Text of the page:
Product Security Glossary

Application Security Testing

What is AST? 

AST stands for Application Security Testing. It involves scanning either a running application or the application source code for security vulnerabilities. At one time, AST was a manual process. Nowadays, there are several types of automated AST processes that can be used at various stages of an applications lifecycle. 

What are the types of AST? 

SAST, or Static Application Security Testing, is a white box approach. In other words, the security testers have the application source code, and use automated scanners to search for security problems in the source code.  This type of scan can’t find problems in the software design, but it can find coding errors that could lead to buffer overflow attacks, SQL Injection attacks, or numerous other types of attacks. This type of AST should be an integral part of the application development process. 

DAST, or Dynamic Application Security Testing, is a black box approach. The security testers don’t have access to the application source code, and instead just scan the running application from an external location. The DAST tools send connection requests with various malicious payloads to the target application, and then analyze the responses to determine if there are any vulnerabilities.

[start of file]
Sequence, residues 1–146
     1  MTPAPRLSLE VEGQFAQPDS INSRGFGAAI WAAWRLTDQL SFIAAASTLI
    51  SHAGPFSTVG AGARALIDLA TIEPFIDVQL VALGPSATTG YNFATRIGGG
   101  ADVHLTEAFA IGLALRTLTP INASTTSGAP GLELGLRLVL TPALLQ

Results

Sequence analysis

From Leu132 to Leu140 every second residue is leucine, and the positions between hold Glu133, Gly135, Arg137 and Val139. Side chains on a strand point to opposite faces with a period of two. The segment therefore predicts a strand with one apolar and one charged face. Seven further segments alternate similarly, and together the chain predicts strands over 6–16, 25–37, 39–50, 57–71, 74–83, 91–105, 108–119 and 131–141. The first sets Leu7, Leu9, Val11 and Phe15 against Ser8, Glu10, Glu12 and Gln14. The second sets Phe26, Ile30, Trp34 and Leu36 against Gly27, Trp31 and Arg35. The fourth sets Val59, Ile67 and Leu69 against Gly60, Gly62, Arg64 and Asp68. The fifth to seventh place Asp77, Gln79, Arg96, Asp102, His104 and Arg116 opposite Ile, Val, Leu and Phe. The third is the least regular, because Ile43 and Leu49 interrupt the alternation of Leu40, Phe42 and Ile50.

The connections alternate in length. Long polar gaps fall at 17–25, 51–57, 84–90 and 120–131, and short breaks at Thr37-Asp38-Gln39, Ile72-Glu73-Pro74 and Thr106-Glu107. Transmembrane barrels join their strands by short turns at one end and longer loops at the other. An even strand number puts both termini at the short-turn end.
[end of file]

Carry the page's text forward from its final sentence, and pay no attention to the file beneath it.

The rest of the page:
IAST, or Interactive Application Security Testing, is a combination of SAST and DAST. Instead of running on an external machine as a DAST tool would, an IAST tool would be running on the same server as the application to be scanned.  In addition to examining the runtime behavior of the application, IAST tools can also examine the compiled source code of the application.  This type of AST can detect a wider range of problems than either SAST or DAST alone. 

MAST, or Mobile Application Security Testing, is for mobile devices. It combines aspects of DAST, SAST, and IAST, along with forensic analysis of mobile device data.  This type of AST also checks for mobile-specific security problems, such as jailbreaking and malicious wi-fi networks. 
SCA, or Software Composition Analysis, examines the third-party components that make up an application.  Instead of writing all code from scratch, many developers use code libraries that come from either commercial or open-source sources.  SCA tools can help developers determine if they can trust these third-party components. 

Finally, there’s RASP, which stands for Runtime Application Self-Protection. It’s similar to IAST, in that it runs on the same server as the application that is to be scanned.  In addition to what IAST can do, RASP can also block many types of incoming attacks on the application. 

As you can see, there are various types of AST for different types of devices, and for different situations. AST should be part of your security arsenal for the entire application lifecycle.